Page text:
McKinsey is now seen as the best professional services firm to work for. No surprise, right? It’s the biggest name in consulting (and, arguably, the only household name). It’s like Google or Goldman. But actually, McKinsey’s placing in our annual survey of consulting firms comes as something of surprise. And what is more, this shows how professional services is changing.
Last year McKinsey placed third, right in the middle of the big four. This year, the big four (PWC, Deloitte, KPMG and EY) still took four of the five top places.
However, the real surprise in the results is further down. This is where Bain and Boston Consulting place. MBB (McKinsey, Bain Boston) are generally seen as a kind of tripartite global gold standard in consulting. Yet Boston places sixth and Bain comes in a lowly eighth, ignomiously sandwiched between johnny-come-latelies such as Bloomberg and Thompson Reuters. Moreover, on the really big swinging criteria such as being seen as industry leaders, salary, bonus and offering challenging work, MBB still do very well. So what is going on here?
Dig a little deeper and one of the biggest clues may be working hours. MBB are legendary for expecting their people to give everything they’ve got. It has, in the past been something of a badge of honour to be at your desk at midmight. However, the big four are generally seen as much better when it comes offering manageable hours. They typically score above 40% for being strong in this area whereas MBB get closer to 20%. MBB also score poorly in terms of flexible working although not to quite the same degree. So, work for PWC or EY and you can have a job and a life; your kids will know your name. That McKinsey still comes out as number one despite this is a testament to its overall quality outweighing these factors.
This also tells you something interesting about consultancy. Yes, people are motivated by the money and status. But these are not the only things. Financial services pays more and it’s arguable that other industries such as law and even tech have greater cachet nowadays. So perhaps consultants need to think beyond their brilliance and reputations being enough to attract the best staff.
There are a couple more surprises. One is how well Bloomberg does. Although only number seven – and not much of a “name” - it could be one too watch. It placed second in terms of being an industry leader and did well across the board, scoring highest in catagories such as “innovation”. Perhaps next year it could be edging into the leader board. Conversely, Boston Consulting’s performance was generally rather lacklustre. If it doesn’t up its game, it could be relegated.
What then, to make of Accenture? It’s a bit of a laggard with average and below average scores everywhere. Number eight last year, nine this year. Why? Could it still be (unfairly) tainted by its association with Andersen, which was bought down by Enron? Has its slighly quixtoic name never seemed quite serious enough? (after all PWC dumped its ill-starred Monday rebrand pretty quickly). Or is it seen as too focussed on tech and niche? Perhaps it’s a combination of all these things but whatever the case, it feels like a long-term also ran. The Burger King of consulting.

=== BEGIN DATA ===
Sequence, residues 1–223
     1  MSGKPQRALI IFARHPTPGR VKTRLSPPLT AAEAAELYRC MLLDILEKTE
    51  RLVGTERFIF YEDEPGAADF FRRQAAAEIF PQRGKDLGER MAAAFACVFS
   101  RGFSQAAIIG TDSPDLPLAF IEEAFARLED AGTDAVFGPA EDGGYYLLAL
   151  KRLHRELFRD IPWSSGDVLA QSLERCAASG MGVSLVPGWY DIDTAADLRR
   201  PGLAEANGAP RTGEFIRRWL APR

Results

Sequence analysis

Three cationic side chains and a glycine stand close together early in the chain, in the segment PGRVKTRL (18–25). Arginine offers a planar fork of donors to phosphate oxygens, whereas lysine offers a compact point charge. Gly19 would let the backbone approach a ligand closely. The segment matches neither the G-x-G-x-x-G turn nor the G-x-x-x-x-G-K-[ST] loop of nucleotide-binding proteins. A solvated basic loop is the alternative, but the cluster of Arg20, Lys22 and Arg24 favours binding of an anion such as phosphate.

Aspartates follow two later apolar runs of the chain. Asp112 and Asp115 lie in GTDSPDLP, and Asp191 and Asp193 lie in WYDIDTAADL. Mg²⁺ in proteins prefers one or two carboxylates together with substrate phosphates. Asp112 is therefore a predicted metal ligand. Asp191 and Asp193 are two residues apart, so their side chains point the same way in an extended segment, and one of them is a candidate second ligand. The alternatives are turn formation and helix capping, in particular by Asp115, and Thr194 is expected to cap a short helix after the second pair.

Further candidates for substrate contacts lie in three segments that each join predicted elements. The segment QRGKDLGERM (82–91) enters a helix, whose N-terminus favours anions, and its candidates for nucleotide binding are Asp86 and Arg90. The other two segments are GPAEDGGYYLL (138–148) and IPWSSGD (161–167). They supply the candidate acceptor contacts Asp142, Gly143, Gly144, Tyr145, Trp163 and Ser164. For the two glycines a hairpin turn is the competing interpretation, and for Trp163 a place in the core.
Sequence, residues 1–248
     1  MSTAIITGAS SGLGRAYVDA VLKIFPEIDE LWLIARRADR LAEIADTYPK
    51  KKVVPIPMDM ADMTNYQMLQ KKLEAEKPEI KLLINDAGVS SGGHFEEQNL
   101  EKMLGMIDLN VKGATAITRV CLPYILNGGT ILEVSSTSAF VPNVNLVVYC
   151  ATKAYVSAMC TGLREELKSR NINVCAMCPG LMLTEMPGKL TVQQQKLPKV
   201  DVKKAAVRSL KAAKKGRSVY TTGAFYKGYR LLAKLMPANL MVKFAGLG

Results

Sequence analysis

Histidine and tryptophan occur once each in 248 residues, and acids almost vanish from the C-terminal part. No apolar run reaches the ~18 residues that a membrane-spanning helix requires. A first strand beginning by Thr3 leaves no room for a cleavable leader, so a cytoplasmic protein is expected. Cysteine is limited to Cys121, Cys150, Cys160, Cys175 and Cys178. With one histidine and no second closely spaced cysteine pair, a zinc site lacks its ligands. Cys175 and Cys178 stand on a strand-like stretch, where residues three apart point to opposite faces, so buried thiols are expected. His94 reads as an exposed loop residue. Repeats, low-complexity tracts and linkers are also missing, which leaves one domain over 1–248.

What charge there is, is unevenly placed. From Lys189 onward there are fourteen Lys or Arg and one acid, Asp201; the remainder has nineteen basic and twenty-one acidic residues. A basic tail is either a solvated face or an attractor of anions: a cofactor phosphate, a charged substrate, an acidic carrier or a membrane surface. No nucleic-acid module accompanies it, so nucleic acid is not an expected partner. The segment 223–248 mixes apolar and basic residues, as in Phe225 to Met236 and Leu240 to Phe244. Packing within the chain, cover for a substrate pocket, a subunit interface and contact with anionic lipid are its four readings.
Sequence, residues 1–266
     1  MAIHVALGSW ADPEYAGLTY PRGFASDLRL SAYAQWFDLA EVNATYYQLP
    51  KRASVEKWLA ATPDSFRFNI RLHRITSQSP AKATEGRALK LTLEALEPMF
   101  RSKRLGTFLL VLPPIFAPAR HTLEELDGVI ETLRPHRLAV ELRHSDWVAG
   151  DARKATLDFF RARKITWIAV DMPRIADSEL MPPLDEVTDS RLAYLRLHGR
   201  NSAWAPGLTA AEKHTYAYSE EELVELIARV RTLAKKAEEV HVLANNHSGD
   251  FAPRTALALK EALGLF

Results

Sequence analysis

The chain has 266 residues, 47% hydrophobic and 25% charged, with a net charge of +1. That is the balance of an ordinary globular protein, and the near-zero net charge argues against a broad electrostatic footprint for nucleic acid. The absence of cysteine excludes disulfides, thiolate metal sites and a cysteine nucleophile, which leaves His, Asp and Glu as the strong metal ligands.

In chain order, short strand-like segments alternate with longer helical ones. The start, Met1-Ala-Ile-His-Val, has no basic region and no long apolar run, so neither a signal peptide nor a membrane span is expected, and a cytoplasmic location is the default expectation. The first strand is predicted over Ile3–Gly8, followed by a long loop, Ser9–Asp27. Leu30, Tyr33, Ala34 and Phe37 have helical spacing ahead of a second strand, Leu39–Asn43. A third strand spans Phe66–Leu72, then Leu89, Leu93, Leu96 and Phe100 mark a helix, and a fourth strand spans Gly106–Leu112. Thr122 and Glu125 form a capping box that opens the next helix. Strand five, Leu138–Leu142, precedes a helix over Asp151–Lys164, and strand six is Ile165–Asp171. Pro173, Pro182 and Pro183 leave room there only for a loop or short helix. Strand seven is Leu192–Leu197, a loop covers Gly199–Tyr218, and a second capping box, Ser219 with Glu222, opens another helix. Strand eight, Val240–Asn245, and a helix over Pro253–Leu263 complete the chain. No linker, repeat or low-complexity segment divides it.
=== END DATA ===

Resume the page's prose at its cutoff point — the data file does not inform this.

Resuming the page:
Moving on and it is highly notable that the greatest disconnect between what people see as important and what companies excel in lies in areas such as corporate citizenship, diversity and CSR. No company scored over ten percent for these as a strength. Yet for the most part over 50 percent of survey (and as high as 80 percent) of respondents said these were important. This is not so much a gap as a yawning chasm.
This may reflect a divide between what management think and what those lower down in companies think. Many in their 50s and 60s likely still regard such initiatives as window dressing or not core to the business. Yet most people below this age expect diversity and CSR to be taken very seriously. In fact millennials will often list it a top criteria when choosing employers.
So, what does all this tell us? It’s a mixed bag, but the overall picture is that consultancy is not immune to the concerns of society as a whole. While it remains an elite industry of hard-working, high achievers, companies need to do more than just cater to this. All the soft stuff – ranging from values to diversity to working hours to family friendly policies - is becoming much more important.
What’s more, this trend has a way of being self-reinforcing. Once your senior management starts to become more female and more diverse, these things tend to snowball. Suddenly questions that would once have seemed unaskable (such as “Can I work part-time?”) become the norm. And what is more they mean the companies that do institute these policies are more attractive and get the best staff. Things may change if, for example, the Big Four are compelled to spin off their consulting arms in the UK, but for the moment is the very definition of a virtuous circle. Senior management should take note.
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